Friday, 29 May 2015
Do I think it's Shakespeare? Truth be told, it's a bit difficult for me to apply my acid tests for determining whether a portrait is of Shakespeare or not. The "dent" at the top of the forehead isn't visible, being hidden behind a laurel wreath and what looks like a curly fringe, and the left side of the face is so densely shaded that it's hard to tell if there's any drooping (ptosis) of the left eyebrow (a condition which Shakespeare appears to have passed on to his son).
That said, I think Mark Griffiths' arguments about the image are fascinating and fairly compelling. And there may be a good reason to suspect that the image is indeed that of Shakespeare - not least of all on the basis of what he is holding.
The "Fourth Man", as Griffiths calls him, is a full-figure portrait of a rather handsome chap wearing some sort of Roman costume. In his right hand, he holds (raised) a fritillary, which Griffiths convincingly relates to the "purple flower ... chequered with white" in Shakespeare's Venus and Adonis (1593). In his left hand, the Fourth Man holds (lowered) an ear of sweetcorn. Griffiths suggests that the appearance of this plant was inspired by the lines:
Oh let me teach you how to knit again
This scattered corn into one mutual sheaf.
from Shakespeare's Titus Andronicus (published in 1594). But that connection seems a little tenuous to me.
Griffiths does point out that the ear of corn which the Fourth Man (Shakespeare) is holding was an American crop. The botanist John Gerard, who wrote The Herball, and with whom Shakespeare might have collaborated (hence the inclusion of his image on the frontispiece), had apparently grown and harvested maize. This could only have happened, of course, after a few samples of maize had been brought back to Britain from America. And this is why I think the image might indeed be of William Shakespeare.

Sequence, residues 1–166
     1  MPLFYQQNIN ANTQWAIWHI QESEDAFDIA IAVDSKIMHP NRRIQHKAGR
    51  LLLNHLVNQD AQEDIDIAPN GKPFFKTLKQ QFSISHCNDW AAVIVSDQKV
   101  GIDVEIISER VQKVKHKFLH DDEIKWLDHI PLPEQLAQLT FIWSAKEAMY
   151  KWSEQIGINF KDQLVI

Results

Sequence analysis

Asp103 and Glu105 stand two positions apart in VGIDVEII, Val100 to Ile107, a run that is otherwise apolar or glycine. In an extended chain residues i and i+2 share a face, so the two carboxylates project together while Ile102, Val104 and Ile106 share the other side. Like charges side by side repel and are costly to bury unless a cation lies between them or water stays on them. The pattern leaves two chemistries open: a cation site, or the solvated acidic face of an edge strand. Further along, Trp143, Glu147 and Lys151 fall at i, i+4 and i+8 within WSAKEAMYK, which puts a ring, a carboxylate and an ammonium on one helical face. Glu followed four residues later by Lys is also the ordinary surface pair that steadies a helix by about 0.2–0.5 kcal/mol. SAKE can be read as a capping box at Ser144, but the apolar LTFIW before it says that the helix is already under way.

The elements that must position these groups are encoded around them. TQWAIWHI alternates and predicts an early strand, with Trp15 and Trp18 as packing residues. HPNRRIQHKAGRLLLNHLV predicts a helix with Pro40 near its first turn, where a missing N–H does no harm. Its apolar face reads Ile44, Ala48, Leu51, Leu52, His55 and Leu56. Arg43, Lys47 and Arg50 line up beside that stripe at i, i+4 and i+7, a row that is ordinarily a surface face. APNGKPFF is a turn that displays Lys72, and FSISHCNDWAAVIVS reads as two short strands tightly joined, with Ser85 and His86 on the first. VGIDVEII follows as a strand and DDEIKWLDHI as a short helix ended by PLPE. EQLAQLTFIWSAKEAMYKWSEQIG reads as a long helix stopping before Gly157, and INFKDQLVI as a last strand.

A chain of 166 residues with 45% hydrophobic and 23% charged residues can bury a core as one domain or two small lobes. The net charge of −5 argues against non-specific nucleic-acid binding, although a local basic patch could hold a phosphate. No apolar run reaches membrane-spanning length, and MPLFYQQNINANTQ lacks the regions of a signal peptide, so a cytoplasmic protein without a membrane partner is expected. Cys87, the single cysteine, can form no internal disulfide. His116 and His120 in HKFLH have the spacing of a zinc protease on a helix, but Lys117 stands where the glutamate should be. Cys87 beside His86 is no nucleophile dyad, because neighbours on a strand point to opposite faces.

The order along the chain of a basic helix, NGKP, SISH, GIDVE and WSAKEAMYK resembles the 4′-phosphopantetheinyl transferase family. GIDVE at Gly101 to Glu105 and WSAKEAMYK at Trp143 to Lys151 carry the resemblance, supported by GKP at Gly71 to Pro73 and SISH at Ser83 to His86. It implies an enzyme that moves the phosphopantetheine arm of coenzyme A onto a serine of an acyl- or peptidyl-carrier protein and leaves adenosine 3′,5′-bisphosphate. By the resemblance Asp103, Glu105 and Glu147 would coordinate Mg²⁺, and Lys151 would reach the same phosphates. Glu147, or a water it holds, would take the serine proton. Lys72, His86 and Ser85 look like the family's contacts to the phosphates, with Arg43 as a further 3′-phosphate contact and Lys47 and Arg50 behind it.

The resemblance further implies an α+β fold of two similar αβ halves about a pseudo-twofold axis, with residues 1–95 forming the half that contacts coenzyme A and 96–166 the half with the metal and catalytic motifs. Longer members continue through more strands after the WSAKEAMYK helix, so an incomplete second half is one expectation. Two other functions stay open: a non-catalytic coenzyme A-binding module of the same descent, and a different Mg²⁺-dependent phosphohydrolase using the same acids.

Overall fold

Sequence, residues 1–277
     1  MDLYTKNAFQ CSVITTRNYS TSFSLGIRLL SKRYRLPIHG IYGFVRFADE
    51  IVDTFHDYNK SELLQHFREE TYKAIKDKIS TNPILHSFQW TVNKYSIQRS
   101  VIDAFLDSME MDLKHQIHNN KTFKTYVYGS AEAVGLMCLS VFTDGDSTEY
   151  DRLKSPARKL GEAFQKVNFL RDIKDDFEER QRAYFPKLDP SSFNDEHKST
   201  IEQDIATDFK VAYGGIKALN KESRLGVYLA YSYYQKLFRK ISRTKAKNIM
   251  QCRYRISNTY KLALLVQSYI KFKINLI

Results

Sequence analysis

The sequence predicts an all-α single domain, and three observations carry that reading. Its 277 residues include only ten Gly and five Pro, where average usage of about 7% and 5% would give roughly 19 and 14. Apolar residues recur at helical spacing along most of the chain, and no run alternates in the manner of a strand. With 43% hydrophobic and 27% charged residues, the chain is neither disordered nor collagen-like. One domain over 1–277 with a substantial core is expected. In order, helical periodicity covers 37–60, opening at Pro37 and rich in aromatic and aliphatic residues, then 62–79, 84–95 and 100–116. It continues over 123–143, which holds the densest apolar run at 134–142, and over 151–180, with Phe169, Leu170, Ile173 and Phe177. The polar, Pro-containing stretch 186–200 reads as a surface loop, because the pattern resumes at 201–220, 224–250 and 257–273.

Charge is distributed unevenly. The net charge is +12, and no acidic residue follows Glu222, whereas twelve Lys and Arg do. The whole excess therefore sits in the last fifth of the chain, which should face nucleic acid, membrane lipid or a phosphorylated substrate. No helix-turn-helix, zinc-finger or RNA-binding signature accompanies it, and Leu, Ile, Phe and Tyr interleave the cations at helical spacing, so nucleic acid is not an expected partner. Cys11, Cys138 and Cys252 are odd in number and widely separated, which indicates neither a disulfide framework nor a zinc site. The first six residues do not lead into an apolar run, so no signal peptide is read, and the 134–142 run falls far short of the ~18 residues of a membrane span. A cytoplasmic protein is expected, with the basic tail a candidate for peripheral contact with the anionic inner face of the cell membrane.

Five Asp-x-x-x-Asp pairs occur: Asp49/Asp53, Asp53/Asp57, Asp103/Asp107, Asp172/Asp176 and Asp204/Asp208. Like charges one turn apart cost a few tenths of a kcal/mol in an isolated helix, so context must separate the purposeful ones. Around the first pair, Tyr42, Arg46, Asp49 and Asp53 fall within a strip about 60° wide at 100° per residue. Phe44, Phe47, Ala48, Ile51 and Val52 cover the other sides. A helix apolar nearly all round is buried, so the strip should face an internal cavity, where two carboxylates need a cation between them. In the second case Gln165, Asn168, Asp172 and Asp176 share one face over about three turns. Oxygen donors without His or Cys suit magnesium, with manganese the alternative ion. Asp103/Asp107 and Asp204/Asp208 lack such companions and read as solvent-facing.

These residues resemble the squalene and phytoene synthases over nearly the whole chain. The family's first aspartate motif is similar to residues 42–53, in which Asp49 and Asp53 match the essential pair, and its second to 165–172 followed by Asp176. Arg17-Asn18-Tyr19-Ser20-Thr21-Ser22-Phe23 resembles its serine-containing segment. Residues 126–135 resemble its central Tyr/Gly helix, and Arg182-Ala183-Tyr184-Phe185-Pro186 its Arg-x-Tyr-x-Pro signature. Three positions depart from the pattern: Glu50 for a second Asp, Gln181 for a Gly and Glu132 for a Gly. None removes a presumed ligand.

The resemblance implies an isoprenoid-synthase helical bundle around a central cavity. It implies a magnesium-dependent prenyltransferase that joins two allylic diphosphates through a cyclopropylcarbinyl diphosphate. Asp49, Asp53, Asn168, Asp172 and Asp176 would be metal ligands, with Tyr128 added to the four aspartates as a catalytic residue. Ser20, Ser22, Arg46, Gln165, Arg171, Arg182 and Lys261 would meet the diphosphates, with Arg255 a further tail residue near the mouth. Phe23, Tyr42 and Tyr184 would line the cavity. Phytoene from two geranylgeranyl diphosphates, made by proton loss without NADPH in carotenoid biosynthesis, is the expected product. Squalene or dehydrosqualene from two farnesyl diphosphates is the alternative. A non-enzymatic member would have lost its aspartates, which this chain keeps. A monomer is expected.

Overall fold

In Who Killed William Shakespeare? I suggested that the 21-year old Shakespeare actually went on an expedition to Virginia in 1585. This would have been shortly after his twins, Hamnet and Judith, were born, and so we are into the period known as his "Lost Years". Shakespeare needn't have travelled as a mariner; Sir Richard Grenville, who commanded the expedition, liked to have music played loud and raucously when he was dining. Shakespeare might have joined the expedition, then, as a musician.
The flagship, lent by Queen Elizabeth to Sir Walter Raleigh for the Virginia expedition, was the Tiger. Years later, the Tiger crops up in Shakespeare's Macbeth. The experiences of the colonists appear to have informed The Tempest, while the sea storm which very nearly wrecked the Tiger on the Virginia coast recurs in such works as Twelfth Night and The Winter's Tale.
There are other hints that Shakespeare might have been on that expedition. Ben Jonson couldn't help satirising Shakespeare's acquisition of a coat of arms, joking in Every Man Out of his Humour (1598) that the "essential Clown" should have chosen for his motto, "Not without mustard" (Shakespeare's actual motto was Non Sanz Droict - "Not without right"). The "Not without mustard" line was in fact borrowed from the satirist Thomas Nashe, who wrote of a young tearaway caught up in a sea storm and threatened with shipwreck, begging the Lord to save him and promising never to eat haberdine (dried salted cod) ever again. When the crisis had passed, the "mad Ruffian" added, "Not without mustard, good lord, not without mustard."